Investigate a world of mud flats and marshes rich with life, a place where long-legged birds ply the sands and flounders lie flat to keep from being found. Watch our birds forage for insects, just as they would in the wild, and gently touch the back of a bat ray as it skims along the bottom of our touch pool.
In this Exhibit
Red and red-necked phalaropes share the same pond in our aviary. You can tell them apart by size and color. Red phalaropes are larger, with shorter, thicker bills and brighter colors. In breeding season, female red phalaropes sport distinctive chestnut-red bellies.
The western snowy plover is the smallest and whitest of the North American plovers. Unlike ringed plovers that have a dark neckband, a snowy plover wears just two black patches on its shoulders.
Bat rays swim gracefully by flapping their batlike wings (pectoral fins) bird style—a feature that gives these rays their common name and their family name, "eagle rays." They are found in muddy and sandy bottom bays, kelp forests and close to coral reefs.
Despite its name, this brownish-black bird with large feet seldom eats oysters. At low tide, it forages along rocky shorelines, looking for other molluscs—mostly limpets and mussels.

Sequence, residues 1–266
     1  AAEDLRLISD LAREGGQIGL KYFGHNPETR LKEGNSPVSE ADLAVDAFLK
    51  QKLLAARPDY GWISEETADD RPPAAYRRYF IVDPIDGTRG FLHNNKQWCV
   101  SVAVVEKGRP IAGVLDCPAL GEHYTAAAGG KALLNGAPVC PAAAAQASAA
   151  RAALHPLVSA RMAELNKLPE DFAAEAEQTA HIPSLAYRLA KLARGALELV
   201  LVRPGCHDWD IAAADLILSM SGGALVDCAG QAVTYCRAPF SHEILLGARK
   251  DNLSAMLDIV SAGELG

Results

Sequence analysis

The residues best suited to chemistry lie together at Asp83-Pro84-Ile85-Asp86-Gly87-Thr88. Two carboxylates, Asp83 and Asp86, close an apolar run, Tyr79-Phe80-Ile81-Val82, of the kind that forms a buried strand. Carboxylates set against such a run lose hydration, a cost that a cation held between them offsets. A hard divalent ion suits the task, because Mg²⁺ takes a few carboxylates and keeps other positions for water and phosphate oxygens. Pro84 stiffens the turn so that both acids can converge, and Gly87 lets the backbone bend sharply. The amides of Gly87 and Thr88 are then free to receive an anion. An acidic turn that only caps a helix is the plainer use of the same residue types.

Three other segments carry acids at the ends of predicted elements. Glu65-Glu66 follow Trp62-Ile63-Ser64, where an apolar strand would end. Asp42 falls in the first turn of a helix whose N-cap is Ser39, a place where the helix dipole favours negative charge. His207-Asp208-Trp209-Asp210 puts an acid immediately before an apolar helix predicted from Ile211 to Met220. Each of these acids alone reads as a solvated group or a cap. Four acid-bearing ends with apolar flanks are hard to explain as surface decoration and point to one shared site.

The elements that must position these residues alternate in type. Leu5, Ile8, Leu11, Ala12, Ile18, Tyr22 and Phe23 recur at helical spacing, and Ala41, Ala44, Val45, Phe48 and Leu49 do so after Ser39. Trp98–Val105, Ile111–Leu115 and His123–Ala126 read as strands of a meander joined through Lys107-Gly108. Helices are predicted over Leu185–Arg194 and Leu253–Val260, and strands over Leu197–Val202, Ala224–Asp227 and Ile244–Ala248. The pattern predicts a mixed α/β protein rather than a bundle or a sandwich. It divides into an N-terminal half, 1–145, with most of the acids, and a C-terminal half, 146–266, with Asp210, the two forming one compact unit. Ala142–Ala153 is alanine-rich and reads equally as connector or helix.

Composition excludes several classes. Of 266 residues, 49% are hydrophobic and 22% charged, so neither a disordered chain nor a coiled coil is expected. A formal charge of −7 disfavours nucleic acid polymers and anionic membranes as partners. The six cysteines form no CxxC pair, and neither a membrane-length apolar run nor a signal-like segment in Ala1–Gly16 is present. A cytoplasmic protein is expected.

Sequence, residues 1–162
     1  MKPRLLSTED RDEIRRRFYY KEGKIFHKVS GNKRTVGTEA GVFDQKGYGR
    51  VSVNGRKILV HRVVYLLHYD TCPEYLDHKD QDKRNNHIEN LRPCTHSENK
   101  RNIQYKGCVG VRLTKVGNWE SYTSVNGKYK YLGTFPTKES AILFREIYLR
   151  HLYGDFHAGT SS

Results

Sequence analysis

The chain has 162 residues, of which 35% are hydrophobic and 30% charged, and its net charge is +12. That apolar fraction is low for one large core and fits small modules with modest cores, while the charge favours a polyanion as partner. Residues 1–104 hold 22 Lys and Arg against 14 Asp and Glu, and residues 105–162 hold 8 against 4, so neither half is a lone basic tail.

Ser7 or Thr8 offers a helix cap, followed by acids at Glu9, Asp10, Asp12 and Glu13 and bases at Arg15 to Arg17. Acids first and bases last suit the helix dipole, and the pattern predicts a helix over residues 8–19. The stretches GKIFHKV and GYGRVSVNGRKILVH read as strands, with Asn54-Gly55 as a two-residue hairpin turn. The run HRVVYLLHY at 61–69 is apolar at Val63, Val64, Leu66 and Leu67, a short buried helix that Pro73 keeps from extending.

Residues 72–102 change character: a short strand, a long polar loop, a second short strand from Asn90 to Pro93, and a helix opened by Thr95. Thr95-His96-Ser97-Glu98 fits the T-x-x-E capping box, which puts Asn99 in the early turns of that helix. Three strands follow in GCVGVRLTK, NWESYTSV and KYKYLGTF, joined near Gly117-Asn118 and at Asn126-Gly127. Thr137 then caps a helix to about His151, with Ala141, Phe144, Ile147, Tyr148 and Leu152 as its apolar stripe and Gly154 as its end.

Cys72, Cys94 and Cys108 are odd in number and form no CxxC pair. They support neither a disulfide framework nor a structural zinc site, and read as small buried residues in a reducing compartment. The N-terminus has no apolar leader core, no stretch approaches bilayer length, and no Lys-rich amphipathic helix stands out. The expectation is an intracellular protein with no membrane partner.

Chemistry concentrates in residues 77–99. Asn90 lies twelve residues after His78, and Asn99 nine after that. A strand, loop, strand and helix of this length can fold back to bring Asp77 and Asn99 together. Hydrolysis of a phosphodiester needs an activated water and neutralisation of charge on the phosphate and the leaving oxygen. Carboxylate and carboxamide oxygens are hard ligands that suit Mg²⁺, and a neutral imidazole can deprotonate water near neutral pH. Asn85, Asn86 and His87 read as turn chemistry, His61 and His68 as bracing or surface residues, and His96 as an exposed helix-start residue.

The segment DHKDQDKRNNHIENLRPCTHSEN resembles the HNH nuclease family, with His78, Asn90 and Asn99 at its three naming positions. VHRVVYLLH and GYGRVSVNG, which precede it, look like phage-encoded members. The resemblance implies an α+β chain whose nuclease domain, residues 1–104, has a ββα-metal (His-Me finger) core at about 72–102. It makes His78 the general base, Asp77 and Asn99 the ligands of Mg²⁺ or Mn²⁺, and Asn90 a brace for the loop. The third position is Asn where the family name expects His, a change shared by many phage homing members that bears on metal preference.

You can tell this shorebird by its plump body, black bib, wedged-shaped bill and short orange-red legs. But in breeding season it takes on a different look, with black, white and reddish-brown markings, a white belly and a distinctive black and white head.
Like other phalaropes, red-necked phalaropes are pelagic shorebirds — they spend most of their lives at sea. Unable to dive, these birds have developed a unique feeding method: they swim in tight circles at many revolutions per minute, which brings plankton to the surface of the water where they can grab it with their bills.
The Ol' Bird's Still Got ItYou won't bird-lieve it! Our birds reach old, old age thanks to the hard work and gentle love of our dedicated Animal Care team. Learn more about how we care for our geriatric Avian friends and meet our eldest birds.
Meet the birds
- Abandoned western snowy plovers are often brought to the Aquarium for treatment. We also incubate eggs, and newly hatched chicks are raised by exhibit birds.
- Our bat rays don't shock or sting, and you're welcome to touch them gently. Or, get a "bat-ray's view" by looking through our underwater periscope.
- Mud is the ghost shrimp's favorite meal. It eats a bucketful of earth every few weeks, and you can see them in action in our exhibit.
- A squishy sea hare can reach 10 pounds. They're named "hares" for their earlike appendages.